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The Lahore Railway Station... | by Saad Sarfraz Sheikh
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The Lahore Railway Station...

Lahore Railway Station


When the British sought to colonise the Indian Subcontinent, building just roads wouldn't be enough. They needed something bigger and 'concrete'. This need led to an elaborate railway network, where rail-tracks were laid down and railway stations were built. Lahore was given a railway station too, and its old locality of Garhi Shahu, was colonialised from a residential colony to a railway officers residential colony.

The railway station in Lahore was the first building the British built.

John Lawrence laid the foundation stone in 1859, two years after the '1857 war of independence', and the station was built at a hefty cost of 500,000 rupees. When Lord John Lawrence broke the earth on the future site of Lahore Railway Station in February 1859, the silver shovel he used bore the Latin motto 'tam bello quam pace'- better peace than war. The motto was appropriate because the railways did play a vital part in creating a peaceful, united India, but the way the station was built, reflected more of a defensive/peace-keeping intention.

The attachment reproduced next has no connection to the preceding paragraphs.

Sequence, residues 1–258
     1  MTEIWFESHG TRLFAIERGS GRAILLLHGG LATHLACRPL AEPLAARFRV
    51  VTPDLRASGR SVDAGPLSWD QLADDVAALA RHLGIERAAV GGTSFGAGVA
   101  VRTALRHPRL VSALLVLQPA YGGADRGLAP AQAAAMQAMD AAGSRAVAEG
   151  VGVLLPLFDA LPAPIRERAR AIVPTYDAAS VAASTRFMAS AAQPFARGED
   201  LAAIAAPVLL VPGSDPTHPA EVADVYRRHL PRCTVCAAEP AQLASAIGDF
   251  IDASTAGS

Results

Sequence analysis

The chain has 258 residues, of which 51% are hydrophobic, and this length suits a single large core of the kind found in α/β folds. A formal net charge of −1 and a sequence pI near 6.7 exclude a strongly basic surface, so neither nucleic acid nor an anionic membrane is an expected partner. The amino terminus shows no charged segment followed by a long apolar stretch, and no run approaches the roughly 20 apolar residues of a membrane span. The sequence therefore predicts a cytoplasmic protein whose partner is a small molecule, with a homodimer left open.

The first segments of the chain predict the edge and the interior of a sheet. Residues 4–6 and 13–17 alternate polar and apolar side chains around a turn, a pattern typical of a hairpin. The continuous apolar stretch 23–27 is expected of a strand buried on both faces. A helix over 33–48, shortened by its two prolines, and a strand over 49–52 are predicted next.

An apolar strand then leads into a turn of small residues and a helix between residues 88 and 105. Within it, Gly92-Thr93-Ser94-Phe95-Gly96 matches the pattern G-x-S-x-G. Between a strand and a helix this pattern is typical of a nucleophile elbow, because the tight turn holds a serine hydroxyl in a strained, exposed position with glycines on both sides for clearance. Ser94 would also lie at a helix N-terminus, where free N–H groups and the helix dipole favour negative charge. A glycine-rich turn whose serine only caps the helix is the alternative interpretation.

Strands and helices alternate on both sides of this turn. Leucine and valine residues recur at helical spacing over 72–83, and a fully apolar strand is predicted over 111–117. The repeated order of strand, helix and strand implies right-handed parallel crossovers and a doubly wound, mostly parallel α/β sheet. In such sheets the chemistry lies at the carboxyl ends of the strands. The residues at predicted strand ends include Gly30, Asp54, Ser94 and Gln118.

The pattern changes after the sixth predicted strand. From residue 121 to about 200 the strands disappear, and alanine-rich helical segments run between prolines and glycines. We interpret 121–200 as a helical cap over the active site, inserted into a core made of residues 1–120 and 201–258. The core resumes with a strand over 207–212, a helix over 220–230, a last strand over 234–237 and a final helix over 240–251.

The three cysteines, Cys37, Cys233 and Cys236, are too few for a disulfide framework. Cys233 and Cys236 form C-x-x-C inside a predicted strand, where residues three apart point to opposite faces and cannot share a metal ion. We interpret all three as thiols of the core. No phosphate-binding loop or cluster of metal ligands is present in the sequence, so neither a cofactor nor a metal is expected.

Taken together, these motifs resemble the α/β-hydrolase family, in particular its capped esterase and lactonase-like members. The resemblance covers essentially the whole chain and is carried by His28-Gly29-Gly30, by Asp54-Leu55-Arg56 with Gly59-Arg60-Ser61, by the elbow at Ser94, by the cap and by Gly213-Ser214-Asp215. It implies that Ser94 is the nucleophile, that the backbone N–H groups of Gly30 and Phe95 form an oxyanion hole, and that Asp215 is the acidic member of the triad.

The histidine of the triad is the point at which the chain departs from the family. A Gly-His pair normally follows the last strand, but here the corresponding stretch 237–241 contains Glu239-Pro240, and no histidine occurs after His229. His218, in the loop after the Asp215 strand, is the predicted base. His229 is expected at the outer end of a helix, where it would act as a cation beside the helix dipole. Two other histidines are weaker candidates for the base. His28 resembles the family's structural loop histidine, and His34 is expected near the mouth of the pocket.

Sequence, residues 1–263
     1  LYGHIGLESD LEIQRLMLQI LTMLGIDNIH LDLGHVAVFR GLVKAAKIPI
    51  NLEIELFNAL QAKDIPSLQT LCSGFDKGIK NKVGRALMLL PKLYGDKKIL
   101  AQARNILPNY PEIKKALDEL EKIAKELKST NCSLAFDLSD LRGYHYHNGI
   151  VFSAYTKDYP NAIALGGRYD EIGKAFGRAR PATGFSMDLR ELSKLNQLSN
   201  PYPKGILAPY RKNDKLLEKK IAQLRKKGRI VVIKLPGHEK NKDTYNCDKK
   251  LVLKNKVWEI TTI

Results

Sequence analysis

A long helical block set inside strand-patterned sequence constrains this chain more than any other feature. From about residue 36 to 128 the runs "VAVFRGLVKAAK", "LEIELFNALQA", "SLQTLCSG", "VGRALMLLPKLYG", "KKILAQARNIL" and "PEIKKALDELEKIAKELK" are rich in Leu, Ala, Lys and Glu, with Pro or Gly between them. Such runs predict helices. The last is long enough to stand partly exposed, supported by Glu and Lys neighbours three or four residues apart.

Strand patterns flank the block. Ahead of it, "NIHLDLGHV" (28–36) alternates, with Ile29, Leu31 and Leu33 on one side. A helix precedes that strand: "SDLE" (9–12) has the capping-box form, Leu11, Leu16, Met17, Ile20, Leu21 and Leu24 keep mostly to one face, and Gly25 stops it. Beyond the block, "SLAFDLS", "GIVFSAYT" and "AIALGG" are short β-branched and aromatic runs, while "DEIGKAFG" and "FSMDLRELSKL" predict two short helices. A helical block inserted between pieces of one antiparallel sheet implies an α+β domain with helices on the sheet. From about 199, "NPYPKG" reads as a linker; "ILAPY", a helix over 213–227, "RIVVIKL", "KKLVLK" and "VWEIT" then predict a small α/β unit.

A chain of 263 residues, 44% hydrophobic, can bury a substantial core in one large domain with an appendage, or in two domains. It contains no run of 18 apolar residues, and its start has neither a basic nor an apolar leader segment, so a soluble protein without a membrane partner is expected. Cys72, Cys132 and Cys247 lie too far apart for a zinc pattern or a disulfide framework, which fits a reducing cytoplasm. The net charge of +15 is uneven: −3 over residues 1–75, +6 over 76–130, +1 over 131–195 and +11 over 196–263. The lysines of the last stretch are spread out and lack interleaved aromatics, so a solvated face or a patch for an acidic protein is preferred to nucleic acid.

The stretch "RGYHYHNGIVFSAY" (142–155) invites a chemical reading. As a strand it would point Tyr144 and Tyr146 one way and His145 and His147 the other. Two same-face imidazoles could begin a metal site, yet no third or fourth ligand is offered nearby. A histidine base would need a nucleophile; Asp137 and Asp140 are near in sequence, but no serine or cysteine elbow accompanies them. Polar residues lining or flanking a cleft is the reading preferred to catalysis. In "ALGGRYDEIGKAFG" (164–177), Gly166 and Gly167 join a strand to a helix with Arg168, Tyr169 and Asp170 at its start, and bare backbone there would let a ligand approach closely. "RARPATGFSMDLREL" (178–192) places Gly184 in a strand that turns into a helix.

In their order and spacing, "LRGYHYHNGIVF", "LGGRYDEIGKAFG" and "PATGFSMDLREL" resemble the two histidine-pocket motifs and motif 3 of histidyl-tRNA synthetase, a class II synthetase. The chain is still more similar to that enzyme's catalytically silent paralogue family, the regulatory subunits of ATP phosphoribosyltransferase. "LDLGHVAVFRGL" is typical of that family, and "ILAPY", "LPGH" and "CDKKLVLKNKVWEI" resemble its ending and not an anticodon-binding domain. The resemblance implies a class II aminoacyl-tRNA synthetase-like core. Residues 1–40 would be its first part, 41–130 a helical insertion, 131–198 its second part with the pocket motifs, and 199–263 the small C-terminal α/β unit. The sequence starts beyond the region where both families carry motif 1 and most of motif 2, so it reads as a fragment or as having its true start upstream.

According to historian Noor, “the round bastions and high towers of the station were designed to be bomb proof, while the loop holes across the facade are not the mock arrow slits they appear to be, but placements for Maxim guns, which were drawn down carefully designed lines of fire. Even the cavernous train sheds could, in an emergency, be sealed with huge sliding metal doors, turning the whole complex into a colossal fortified bunker.”

The proud architect of the Lahore station, William Brunton, said that that “the whole station had a ‘defensive character’ so that "a small garrison could secure it against enemy attack". The building served to protect the safety of railway workers and provide them refuge in case of any conflict. Burton proudly exclaimed that the station had the best brick masonry in the world and could withstand any battle.

In 1860, the first train travelled to Amritsar, followed by connections to Bombay, Calcutta and Peshawar. In 1889, Karachi was linked to Lahore, and wheat from Punjab was exported from Karachi, making it the largest exporter.


Lovely cloudy sky that day...


Explore # 84

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Taken on September 3, 2009